Responding to Climate Change

The vast majority of the world’s scientists agree that human activity is changing our climate. The combustion of fossil fuels, such as coal, oil and gas, release carbon dioxide and other substances into the air. These gases create a “greenhouse effect,” trapping the sun’s heat and resulting in rising temperatures at the Earth’s surface and in our atmosphere.


Climate change has a particularly strong impact on water. Evaporation, transpiration and precipitation increase as the Earth warms. Many parts of the world are experiencing intense storms and flooding, while other regions are harmed by severe drought. These changes are threatening entire ecosystems and human populations around the globe.


According to NJ State Climatologist David Robinson, a member of the Watershed’s Science and Technical Issues Committee, the average annual precipitation in New Jersey has increased from 43.9 inches, over the first seven decades of the 20th century, to 49.4 inches during this century. Much of the increase is occurring in particularly large storms. According to the National Science and Technology Council’s 2014 National Climate Assessment, the amount of precipitation falling in “very heavy events” (defined as the heaviest 1% of all daily events) increased by 71% in the northeast between 1958 and 2012.


Dr. Robinson and his colleagues at Rutgers University predict that New Jersey will continue to experience wetter and wetter winters and springs, with longer, hotter and drier summers. Climate scientists say that we need to implement strategies to mitigate projected climate change by reducing our release of global warming gases like carbon dioxide and methane and to adapt to climate change. The Watershed advocates for policies and programs that advance both goals:

  • To help communities adapt to climate change, we seek larger protected buffers on our streams and rivers to prevent new construction in floodplains, stronger stormwater management requirements to reduce the volume and pace of runoff and funding to purchase and remove structures that have been subject to repeated flooding.
  • To reduce the magnitude of the anticipated impact from climate change, we collaborate we ReThinkEnergyNJ and other nonprofit organizations to advocate for accelerating the transition to clean energy sources like solar and wind power and away from damaging fossil fuels like oil and gas. Our Watershed Center is a leading example of how residents and institutions can reduce their use of fossil fuels.



For this Sunday, we will view a film on the industrious, buck-toothed engineer – the North American Beaver who are changing the world “one stick at a time”.

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The Watershed Institute applauds Gov. Phil Murphy for signing into law today the Flood Defense Act, which passed the Legislature earlier this year.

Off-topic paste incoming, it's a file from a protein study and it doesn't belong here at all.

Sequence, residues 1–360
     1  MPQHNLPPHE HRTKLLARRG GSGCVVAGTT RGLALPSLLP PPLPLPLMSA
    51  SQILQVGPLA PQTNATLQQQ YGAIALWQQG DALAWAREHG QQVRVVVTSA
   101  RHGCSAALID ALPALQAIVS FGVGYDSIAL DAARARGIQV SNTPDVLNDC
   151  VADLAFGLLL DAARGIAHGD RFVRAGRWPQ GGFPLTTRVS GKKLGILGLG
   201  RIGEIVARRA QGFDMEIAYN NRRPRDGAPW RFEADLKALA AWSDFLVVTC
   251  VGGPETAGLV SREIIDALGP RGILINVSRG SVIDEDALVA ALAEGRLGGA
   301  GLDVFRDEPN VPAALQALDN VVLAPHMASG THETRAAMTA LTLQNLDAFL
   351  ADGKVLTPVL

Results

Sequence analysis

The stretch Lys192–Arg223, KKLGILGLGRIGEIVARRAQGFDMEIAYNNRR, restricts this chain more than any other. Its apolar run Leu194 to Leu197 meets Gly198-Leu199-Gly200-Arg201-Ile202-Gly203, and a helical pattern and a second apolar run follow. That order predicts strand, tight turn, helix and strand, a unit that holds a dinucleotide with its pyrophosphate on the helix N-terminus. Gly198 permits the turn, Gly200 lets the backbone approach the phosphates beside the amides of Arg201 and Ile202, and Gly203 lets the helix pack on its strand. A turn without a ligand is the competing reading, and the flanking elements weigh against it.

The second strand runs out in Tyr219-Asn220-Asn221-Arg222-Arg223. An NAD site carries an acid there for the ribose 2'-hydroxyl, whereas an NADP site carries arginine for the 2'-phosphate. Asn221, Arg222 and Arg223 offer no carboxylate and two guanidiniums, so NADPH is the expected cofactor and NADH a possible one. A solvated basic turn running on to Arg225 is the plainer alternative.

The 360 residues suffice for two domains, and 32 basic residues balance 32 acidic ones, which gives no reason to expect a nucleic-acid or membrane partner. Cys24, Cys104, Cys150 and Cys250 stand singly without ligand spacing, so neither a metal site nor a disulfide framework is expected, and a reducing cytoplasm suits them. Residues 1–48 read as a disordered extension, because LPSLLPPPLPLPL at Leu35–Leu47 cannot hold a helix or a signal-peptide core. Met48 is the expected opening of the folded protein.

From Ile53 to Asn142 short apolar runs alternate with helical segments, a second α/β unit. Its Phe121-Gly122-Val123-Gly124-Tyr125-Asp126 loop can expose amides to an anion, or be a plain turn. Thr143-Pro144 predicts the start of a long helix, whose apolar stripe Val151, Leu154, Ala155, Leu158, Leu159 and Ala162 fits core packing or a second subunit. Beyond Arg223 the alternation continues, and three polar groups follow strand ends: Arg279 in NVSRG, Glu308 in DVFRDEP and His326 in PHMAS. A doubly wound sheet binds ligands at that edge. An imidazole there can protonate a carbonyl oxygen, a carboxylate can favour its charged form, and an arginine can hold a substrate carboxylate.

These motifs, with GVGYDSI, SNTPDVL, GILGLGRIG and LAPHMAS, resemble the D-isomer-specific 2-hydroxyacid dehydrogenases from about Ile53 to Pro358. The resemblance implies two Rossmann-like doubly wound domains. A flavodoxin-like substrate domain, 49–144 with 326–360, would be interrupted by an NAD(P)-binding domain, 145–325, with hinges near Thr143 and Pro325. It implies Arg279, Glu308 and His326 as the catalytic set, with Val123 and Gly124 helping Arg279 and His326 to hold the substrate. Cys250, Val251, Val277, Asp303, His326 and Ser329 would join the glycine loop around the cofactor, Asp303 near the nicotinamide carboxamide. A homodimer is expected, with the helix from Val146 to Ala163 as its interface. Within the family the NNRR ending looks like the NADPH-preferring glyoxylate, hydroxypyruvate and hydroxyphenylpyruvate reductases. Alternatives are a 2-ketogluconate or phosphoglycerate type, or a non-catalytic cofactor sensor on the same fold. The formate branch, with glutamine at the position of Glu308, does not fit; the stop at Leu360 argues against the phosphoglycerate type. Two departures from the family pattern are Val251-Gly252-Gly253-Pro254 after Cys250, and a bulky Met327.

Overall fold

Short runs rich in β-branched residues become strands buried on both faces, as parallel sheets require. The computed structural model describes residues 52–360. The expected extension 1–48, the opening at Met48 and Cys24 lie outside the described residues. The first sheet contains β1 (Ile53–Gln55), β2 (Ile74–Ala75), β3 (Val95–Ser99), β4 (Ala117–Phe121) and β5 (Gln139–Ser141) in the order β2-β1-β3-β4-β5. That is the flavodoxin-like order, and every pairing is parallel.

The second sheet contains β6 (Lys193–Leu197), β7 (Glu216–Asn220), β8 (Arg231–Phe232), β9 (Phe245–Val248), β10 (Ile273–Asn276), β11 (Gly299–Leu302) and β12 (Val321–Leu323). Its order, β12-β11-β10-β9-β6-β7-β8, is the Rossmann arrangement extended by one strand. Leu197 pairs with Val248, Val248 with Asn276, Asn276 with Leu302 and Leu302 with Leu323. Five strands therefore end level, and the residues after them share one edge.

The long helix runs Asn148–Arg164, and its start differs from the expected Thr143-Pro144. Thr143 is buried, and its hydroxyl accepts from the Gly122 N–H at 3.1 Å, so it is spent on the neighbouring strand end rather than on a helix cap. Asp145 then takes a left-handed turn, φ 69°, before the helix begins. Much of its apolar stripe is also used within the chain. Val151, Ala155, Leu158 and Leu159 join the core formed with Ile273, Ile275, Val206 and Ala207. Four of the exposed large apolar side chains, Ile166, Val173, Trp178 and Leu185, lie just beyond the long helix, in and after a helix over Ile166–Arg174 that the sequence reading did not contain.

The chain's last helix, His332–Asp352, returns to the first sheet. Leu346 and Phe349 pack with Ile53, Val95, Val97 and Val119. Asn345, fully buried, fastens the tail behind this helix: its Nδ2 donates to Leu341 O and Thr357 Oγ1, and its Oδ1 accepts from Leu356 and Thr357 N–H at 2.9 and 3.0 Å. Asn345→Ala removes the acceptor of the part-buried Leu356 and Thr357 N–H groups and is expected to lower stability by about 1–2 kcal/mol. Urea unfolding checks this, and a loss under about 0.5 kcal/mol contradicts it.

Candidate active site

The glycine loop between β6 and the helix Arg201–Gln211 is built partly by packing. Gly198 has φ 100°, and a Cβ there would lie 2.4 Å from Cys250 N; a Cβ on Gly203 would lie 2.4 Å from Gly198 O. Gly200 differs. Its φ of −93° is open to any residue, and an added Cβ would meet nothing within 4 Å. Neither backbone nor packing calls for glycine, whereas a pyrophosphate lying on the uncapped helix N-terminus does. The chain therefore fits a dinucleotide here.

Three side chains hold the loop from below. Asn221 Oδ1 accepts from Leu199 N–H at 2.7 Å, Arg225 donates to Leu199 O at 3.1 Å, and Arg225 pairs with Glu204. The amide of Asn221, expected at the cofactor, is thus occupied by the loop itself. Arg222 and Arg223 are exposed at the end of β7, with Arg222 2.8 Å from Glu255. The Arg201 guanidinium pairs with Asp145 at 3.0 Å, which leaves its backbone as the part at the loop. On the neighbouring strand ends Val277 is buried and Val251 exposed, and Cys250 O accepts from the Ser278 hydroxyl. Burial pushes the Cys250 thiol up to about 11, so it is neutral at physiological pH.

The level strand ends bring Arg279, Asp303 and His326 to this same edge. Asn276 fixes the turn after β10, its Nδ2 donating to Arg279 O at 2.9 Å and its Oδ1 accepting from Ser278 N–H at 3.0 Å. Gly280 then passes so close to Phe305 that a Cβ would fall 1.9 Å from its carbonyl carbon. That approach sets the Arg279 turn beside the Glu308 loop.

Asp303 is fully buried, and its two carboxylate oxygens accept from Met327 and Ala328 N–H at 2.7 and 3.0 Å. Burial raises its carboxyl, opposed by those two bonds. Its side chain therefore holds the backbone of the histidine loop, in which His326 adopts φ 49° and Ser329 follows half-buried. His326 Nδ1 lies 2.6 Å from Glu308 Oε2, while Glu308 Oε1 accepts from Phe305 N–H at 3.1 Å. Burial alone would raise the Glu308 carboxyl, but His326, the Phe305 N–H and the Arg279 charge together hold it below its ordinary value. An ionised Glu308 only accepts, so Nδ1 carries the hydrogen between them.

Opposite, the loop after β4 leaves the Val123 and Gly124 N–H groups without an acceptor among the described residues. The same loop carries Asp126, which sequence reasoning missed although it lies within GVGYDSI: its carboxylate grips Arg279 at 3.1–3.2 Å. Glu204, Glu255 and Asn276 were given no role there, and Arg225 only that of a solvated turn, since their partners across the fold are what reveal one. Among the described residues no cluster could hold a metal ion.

Come learn about aquatic life and other watery wonders at World Water Day at The Watershed Insitute copy

On March 23, 2019, The Watershed Institute will hold its inaugural World Water Day Festival from 10 a.m. to 2 p.m.


Acclaimed environmental photographer James Balog headed to the Arctic on a tricky assignment for National Geographic: to capture images to help tell the story of the Earth’s changing climate.


The 2nd Annual New Jersey Watershed Conference brings stakeholders together on clean water issues.

For this Sunday, we will view three short films with the central issues of climate change and clean water. Anthropocene In the midst of the ...

Join us April 8 to see Former Vice President Al Gore continue his tireless fight, traveling around the world to influence international climate policy in An Inconvenient Sequel.

Aerial views of the damage caused by Hurricane Sandy to the New Jersey coast taken during a search and rescue mission by 1-150 Assault Helicopter Battalion, New Jersey Army National Guard, Oct. 30, 2012.  (U.S. Air Force photo by Master Sgt. Mark C. Olsen/Released)

With millions of Americans still suffering the ravages of recent hurricanes, resiliency to extreme weather should be a major issue for NJ Gov.-elect Phil Murphy.


Princeton Artists Alliance has used art as commentary on social and political issues for 25 years. The artists are taking on “The Politics of Water”, responding to issues such as climate change…


The American Institute for Architects (AIA) of New Jersey met at the Watershed Center for their East Coast Green conference focused on protecting the health…


Around the globe, the warming atmosphere, land and oceans are causing fundamental changes to the water cycle and weather patterns. 


The Watershed’s first conference on Climate Change for High School Students was held on Sunday, April 23rd at the Watershed Center.

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Earth Day is celebrated with action at the Stony Brook-Millstone Watershed Association: We plant trees, remove trash from streams, sell native plants, and host conferences on climate change.


High school students are invited to join us for a conference on climate change at the Watershed Center on Sunday, April 23 from 1-5:30pm. The free conference is cosponsored by…


One thing is clear: this election was not about the environment. In fact, the issue was raised only obliquely in the four-and-a-half hours of debates that the two…